What do you get when you cross a turkey with a bass? A turkbass? A basserky? Nope, you get the National Wild Turkey Federation (NWTF).
The National Wild Turkey Foundation was founded in the 1970s -- with inspiration from the Bass Anglers Sportsmen Society -- as a nonprofit organization dedicated to conserving and preserving the habitats of and hunting opportunities for wild turkeys in North America [source: NWTF]. The club works by raising money through membership dues, sponsor fees and donations. The monies raised go to transfer and reestablish wild turkey populations, educate people about hunting and conservation and provide land management assistance and wildlife tips to landowners and anyone who enjoys the outdoors [source: NWTF].
When the NWTF started out with just more than a thousand members, there were 1.3 million wild turkeys in North America. Today the organization is 500,000 members strong, and there are now 7 million wild turkeys roaming the land. NWTF's progress has grown to include corporate partners and sponsors, as well as federally backed support and interest in nationwide conservation programs [source: NWTF].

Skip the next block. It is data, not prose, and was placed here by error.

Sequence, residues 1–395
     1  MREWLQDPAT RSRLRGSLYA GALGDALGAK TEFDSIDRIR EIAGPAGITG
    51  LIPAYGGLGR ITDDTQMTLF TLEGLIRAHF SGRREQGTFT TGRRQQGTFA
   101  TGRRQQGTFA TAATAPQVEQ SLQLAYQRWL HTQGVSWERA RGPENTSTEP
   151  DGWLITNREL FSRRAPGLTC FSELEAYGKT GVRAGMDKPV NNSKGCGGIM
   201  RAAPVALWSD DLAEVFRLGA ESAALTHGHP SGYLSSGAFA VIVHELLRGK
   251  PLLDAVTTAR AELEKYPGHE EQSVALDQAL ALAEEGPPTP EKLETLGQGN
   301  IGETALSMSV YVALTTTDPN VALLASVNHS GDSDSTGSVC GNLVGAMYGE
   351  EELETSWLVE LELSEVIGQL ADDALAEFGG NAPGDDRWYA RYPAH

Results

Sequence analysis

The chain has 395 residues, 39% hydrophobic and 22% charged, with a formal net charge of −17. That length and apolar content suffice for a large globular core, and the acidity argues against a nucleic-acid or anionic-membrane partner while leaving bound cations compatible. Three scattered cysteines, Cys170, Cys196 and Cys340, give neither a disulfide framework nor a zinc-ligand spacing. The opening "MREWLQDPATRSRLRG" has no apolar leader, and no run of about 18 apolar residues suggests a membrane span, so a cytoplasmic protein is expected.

The NWTF promotes several youth programs, including Juniors Acquiring Knowledge, Ethics & Sportsmanship (JAKES) and the National Archery in the Schools Program; help from volunteers, farmers and local residents continues to play a large part in the federation's success. As efforts spread around the globe to restore and preserve the wild turkey's native land, the NWTF continues to offer a convention, publications, outreach programs and a women's-only branch to its members. By providing land management expertise -- and products such as native seed grass -- to landowners and others who are concerned with environmental preservation, the NWTF takes a multifaceted approach to turkey conservation.
Thirty-some years of work and research has contributed to the roster of activities and partnerships of the NWTF, but to understand why people started worrying about the wild turkey in the first place, we need to take a look at what makes the bird -- and its hunters -- unique. So let's take a step back to read about the NWTF's history.